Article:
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From Atlanta (July 2010)

June 30, 2015 | News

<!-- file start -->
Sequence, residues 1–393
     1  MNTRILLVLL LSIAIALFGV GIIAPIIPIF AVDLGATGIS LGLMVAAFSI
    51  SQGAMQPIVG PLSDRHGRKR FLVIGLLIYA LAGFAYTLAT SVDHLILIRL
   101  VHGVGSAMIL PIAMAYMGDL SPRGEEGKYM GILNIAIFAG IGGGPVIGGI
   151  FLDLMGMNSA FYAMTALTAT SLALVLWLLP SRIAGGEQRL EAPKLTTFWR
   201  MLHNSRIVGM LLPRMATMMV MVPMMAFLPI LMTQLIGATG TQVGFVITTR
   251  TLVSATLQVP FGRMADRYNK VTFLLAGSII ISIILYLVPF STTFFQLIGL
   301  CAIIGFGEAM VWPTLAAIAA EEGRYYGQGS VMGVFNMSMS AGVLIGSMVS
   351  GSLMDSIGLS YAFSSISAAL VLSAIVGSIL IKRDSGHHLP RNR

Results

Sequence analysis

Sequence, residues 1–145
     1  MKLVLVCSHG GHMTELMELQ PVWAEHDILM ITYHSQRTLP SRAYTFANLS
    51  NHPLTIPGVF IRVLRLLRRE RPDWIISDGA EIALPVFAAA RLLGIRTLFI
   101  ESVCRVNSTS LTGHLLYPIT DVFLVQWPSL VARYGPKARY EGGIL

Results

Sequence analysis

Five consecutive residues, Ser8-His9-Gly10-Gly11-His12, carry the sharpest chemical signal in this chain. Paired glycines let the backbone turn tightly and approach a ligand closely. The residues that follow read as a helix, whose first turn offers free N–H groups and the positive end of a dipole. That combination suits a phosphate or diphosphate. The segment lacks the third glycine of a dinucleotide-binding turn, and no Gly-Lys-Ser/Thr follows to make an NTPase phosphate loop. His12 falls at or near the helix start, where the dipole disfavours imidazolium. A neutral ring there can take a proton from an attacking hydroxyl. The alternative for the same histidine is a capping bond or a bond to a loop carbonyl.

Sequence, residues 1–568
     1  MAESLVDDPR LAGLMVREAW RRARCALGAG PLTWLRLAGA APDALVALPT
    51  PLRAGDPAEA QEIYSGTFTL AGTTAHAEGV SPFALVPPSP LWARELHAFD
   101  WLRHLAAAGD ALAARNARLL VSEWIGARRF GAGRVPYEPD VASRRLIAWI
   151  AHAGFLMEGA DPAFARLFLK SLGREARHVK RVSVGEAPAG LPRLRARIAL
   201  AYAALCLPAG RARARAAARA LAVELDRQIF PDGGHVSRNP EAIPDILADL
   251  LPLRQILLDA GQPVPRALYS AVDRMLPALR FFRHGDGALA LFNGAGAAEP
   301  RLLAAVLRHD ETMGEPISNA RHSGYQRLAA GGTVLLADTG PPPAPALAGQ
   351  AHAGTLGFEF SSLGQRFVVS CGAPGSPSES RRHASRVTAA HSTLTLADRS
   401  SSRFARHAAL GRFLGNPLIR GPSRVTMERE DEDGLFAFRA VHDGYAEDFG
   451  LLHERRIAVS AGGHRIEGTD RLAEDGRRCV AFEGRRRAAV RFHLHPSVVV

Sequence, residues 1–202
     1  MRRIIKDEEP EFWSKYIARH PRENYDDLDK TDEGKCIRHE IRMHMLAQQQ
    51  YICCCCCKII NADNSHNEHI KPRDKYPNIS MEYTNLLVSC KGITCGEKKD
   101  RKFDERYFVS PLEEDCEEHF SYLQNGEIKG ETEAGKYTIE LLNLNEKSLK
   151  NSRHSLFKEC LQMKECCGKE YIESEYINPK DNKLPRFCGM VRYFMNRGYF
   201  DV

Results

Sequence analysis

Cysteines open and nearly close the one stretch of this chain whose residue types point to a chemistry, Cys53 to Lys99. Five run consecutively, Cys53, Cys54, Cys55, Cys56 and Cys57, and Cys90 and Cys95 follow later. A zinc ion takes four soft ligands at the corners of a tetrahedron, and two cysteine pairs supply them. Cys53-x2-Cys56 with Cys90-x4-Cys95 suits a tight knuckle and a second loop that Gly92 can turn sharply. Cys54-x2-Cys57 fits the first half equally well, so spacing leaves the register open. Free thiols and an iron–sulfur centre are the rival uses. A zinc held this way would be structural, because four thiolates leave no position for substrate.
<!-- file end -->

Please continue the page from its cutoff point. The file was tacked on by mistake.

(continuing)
Recently a friend of mine confided that she had found the perfect facial at AYA, an Atlanta-based spa with locations in Buckhead (Phipps Plaza) and Sandy Springs, Georgia. “They’re amazing,” she said, “everyone there is so good at what they do. They really know their craft.” That’s interesting, I thought out loud. Usually when someone describes a service they talk about the effect of the service (i.e. the softness of their skin, the whiteness of their teeth, the style of their hair). After raving about how talented everyone was, she did go on to say how much they did for her complexion, but again she attributed it to how skilled and knowledgeable they were. Convinced they were worth a try, I called and made the appointment. I started my visit with eyebrow sculpting, something I’d never tried before. I was ushered to a comfortable room where the esthetician went to work immediately, measuring and marking and measuring again. Turns out she has always worked within the beauty industry and even trained with Anastasia in L.A. (of Oprah brow-sculpting fame). “Brows are my passion,” she said. When she finally handed me the mirror I was impressed. Next was microdermabrasion and after speaking with this esthetician, I was intrigued that she too was committed to a career in the beauty world. When I asked her how she decided to get into esthetics she answered, “It began with a personal decision to live a healthier life, inside and out.” Both professionals were deeply committed to being the best and it really showed in their enthusiasm, service and the results they gave. Years ago I attended the Disney Institute when they hosted a world class conference for service marketers. At one point in the conference they had their Chief Marketing Office (who had some neat Disney-esque name like Chief Imagineer or something like that) present the secret to their service success. “You can’t train excellence,” they repeated again and again, “you have to hire it.” Hiring is largely a misunderstood practice. As business owners and managers often aren’t educated as to how to hire well, they typically look at hiring as something that ought to be an innate skill like networking or writing. I can’t count the number of times I’ve heard a client say that they’ll “just know it when they meet the right candidate.” But often they don’t.